Combatting Isolation in a Time of Coronavirus
At a time when we’re all being cautioned to stay at home to save lives, it’s no surprise that so many people are struggling with loneliness. But even before coronavirus began to spread worldwide, millions of people were struggling with social isolation. Mental health experts were already concerned about an epidemic of loneliness and isolation in the United States. Human connections are vital for our mental and emotional wellbeing. The fact is, most of us will experience loneliness in our lifetime, but the impact of a pandemic has only escalated the problem. And mental health conditions can already be isolating by nature. This is a real concern because chronic loneliness, clinical depression and anxiety, fear and sadness are associated with a range of serious health issues. Research indicates that isolation has a negative effect on physical and mental health, and it can even reduce our longevity.
Evidence links social isolation with harmful health consequences including:
- Compromised immunity
- Poor sleep quality
- Executive dysfunction
- Cognitive decline
- Poor cardiovascular function
Addressing the Impact on those Most at Risk
Nearly one in four Americans face a mental health challenge in any given year even without a pandemic. Those with chronic mental and physical health issues are disproportionately affected. Concerns about the welfare of family and loved ones can become overwhelming. Add this to the constant stream of doom and despair from media coverage, and worry over job security and financial instability are enough to find many experiencing anxiety and depression. It’s an issue that Community Alliance takes seriously. In addition to continuing counseling, therapy and psychiatric services, staff and volunteers have taken it upon themselves to establish important outreach.
“These are very difficult times for everyone, but especially for those we serve. Some of our peer support staff have developed special curriculums that they’re using right now – with a focus on the importance of staying connected and making sure everyone is keeping a healthy mindset,” Aileen Brady, Community Alliance COO, explained. “Our peer support staff have a very positive and forward-looking relationship with clients. That’s part of the reason so many have been so enthusiastic about what peers are offering and are participating in these new opportunities.”
“That’s one example of how we are trying to reach out and stay connected,” Brady continued. “In addition, we are fortunate to have volunteers making beautiful jewelry and all sorts of colorful and fun masks for people served by Community Alliance. Random acts of kindness are so important right now,” Brady pointed out. “Board members and staff have also adopted families to support during the holidays. These things make a big difference for all of us, not just those on the receiving end.”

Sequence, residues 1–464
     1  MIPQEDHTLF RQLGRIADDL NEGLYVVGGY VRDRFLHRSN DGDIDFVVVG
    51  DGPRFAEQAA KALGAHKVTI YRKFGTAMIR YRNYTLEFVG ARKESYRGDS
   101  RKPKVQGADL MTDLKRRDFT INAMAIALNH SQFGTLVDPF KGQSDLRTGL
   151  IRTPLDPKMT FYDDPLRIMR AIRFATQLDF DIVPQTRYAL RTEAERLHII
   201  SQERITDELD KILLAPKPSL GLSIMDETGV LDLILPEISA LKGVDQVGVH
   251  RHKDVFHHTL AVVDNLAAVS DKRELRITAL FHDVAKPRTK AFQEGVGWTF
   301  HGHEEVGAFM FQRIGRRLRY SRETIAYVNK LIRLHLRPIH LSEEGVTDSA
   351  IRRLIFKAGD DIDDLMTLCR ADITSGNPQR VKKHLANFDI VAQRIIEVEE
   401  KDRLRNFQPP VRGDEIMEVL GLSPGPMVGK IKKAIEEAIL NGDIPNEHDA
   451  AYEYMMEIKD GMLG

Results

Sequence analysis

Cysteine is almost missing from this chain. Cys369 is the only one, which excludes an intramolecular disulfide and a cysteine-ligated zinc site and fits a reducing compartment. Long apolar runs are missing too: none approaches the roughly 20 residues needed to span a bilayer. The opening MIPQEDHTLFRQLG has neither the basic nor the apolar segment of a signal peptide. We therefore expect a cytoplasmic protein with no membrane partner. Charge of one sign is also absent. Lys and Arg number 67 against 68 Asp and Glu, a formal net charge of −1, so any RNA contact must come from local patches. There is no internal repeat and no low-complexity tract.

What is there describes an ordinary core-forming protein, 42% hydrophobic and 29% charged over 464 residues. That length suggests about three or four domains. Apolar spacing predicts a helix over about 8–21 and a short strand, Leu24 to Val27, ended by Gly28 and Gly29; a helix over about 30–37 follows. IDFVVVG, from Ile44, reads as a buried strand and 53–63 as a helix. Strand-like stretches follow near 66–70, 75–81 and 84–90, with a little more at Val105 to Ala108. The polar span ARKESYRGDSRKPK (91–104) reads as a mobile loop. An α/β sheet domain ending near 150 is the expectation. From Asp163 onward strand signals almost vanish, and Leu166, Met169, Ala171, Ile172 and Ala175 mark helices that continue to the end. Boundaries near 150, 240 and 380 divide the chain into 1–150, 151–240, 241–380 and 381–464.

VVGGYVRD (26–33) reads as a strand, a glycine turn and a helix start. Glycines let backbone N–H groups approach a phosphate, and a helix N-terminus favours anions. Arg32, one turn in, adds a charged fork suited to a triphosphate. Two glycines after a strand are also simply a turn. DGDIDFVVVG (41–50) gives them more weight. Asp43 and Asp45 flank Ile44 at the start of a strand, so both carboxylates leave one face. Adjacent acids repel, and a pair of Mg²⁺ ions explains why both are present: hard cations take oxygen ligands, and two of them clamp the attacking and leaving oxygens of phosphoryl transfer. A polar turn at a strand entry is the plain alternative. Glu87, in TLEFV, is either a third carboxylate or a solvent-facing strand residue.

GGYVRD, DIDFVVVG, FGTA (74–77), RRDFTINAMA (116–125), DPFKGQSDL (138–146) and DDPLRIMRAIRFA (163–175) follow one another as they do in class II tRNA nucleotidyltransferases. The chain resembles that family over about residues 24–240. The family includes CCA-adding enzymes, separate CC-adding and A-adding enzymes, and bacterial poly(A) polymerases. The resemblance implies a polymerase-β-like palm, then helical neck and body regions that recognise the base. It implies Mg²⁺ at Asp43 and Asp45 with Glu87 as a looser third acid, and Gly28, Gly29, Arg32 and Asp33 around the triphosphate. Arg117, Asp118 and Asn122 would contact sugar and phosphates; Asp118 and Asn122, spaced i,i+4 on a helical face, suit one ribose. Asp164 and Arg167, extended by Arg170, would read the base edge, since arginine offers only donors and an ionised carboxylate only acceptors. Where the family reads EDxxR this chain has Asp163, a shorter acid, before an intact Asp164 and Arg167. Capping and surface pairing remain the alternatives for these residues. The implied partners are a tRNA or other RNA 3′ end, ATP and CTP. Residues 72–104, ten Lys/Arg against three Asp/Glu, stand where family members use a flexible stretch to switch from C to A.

“We also put together self-care kits for clients who are alone in their apartments. These kits include some engaging activities – puzzles, word searches, adult coloring. These are activities that can help keep their minds active and engaged instead of thinking about COVID, 24/7,” Brady said. “It provides an alternative to having the television on all day.”
Self-Care and Accountability is More Important than Ever
Setting goals and having regular check-ins with yourself, friends and family will help you commit to routine self-care and realign your thinking in order to keep a positive outlook. Community Alliance urges you to create your own wellness plan to support positive mental health.
- Establish healthy habits and routines that support positivity.
- Pay attention to your level of stress and anxiety.
- Avoid triggers.
- Make sure you’re getting enough sleep.
- Always keep enough medication on hand.
- Stay connected. Reach out to family and friends by phone and virtual hangouts.
- Enlist the support of an accountability partner and check in regularly.
- Continue with any and all mental health services in which you are involved. Ask whether you can schedule telehealth appointments if getting out is difficult for you.
It’s Important to Be Kind to Yourself
While it’s good to be kind to others, it’s equally important to be kind and forgiving to ourselves. “We have to give ourselves some grace,” Brady asserted. “We have to focus on what we can do, not what we can’t do. We’re all exhausted, but we have to hang in there. We have to stick together and support each other.”
However you’re feeling, you are not alone. If you are struggling with anxiety, depression, loneliness or hopelessness, Community Alliance can help. We offer a full range of treatment, rehabilitation and support services including psychiatric care, counseling, rehabilitation, recovery services, primary care and more.